Students Get Sustainable with Solar Chargers

Drew Kaplan ’20, Associate Opinion Editor

The Sustain IT workshop series held another event on Thursday, April 13th, to help students build their own solar powered USB charger. The event was cohosted by professor of physics Hans Pfister, assistant director of the Center for Sustainability Education Lindsey Lyons and Alexander Haver ’20. Over 40 students attended the event, quickly exhausting the supply of materials.

Pfister explainined the physics behind electricity and how solar panels are able to convert photons into usable electricity claiming the importance of the event was to “stress the use of solar energy [and] to familiarize students with photovoltaic modules.”

“Once you have worked with a little module,” Pfister continued, “you aren’t afraid of it anymore. First, the necessity that we should be using renewable energy sources, such as solar, and wind. Second, familiarizing students with photovoltaic panels and solar modules. Third, empowering you to actually build something with a photovoltaic panel.”

He also explained the structure of solar panels; mostly silicon but with small amounts of both boron and phosphorus as well.  When light strikes them, they disrupt the electrons. It is this movement that generates electricity.

Pfister explained that the chargers would produce 7.2 volts in direct sunlight, more than enough to charge a cellphone. The chargers actually needed a component to reduce voltage output to avoid damaging whatever device was to be plugged in. Some students had trouble soldering in these components of their chargers, and some were not able to finish the project in the seventy-five minutes set aside for the workshop. Unfinished chargers were completed by Haver.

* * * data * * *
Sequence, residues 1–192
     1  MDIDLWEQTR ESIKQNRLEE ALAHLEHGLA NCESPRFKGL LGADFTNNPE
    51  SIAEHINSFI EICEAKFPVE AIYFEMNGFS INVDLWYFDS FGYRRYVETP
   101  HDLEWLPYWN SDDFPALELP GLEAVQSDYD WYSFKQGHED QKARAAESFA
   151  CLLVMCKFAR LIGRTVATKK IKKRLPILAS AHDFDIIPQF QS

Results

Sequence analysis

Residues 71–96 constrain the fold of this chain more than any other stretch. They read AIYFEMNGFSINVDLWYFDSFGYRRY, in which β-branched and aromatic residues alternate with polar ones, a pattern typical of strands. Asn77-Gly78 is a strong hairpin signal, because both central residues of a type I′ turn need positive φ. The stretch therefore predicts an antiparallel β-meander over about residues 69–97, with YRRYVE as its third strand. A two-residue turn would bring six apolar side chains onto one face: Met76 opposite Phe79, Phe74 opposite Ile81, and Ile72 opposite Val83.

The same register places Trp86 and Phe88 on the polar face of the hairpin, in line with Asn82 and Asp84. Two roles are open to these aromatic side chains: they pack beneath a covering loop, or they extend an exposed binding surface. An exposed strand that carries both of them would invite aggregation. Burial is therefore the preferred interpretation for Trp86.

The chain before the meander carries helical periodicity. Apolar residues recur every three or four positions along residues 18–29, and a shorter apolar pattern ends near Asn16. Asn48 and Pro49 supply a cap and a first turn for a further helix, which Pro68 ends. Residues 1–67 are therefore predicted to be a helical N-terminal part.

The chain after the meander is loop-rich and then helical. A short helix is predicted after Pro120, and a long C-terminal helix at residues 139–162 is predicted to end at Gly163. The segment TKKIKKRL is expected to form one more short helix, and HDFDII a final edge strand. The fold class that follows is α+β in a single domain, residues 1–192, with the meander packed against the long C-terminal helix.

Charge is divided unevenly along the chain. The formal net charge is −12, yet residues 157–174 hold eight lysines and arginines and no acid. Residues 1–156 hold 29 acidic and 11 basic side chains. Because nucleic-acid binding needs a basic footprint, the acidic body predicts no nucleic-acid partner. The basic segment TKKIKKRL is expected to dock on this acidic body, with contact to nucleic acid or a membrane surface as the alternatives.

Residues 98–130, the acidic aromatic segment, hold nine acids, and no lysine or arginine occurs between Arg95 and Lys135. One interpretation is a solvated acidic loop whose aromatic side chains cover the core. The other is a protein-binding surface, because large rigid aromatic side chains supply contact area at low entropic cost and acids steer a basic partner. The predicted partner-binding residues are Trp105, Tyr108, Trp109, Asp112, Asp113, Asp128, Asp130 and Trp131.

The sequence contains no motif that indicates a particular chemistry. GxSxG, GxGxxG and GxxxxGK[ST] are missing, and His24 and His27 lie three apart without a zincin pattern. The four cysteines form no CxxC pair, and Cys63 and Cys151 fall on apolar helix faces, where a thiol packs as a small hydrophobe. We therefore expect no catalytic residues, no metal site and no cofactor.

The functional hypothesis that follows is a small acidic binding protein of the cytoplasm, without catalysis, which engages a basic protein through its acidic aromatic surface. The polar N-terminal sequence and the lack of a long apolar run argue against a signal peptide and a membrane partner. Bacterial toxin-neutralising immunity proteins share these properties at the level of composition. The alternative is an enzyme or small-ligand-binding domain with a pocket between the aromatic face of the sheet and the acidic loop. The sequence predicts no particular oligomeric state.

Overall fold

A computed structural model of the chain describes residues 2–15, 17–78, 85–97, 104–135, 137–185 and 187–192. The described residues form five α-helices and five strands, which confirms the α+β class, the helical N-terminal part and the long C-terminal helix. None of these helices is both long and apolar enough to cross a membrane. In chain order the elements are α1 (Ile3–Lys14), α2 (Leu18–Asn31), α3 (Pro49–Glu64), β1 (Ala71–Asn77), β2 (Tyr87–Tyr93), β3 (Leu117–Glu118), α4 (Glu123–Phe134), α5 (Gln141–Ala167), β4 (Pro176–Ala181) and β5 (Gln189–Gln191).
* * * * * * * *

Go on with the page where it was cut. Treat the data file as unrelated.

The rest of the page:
Student reception to the event was positive. Albert Westfall ’18 said, “I think it’s pretty cool to see everyone working together with the faculty to make a really cool project.”

Natura Sant Foster ’20 commented that she “really didn’t know what to expect when I came in, but I really enjoyed the presentation. The professor [Pfister] was so enthusiastic, and that made it exciting. It is certainly something I have never done before, but it’s always fun to learn a new skill.  I’m hoping this will work out so that I can use my solar charger outside.”

Pfister hosts renewable energy and energy efficiency sustainability workshops on Saturday mornings separately from the Sustain IT series and teaches two courses on renewable energy in the physics department.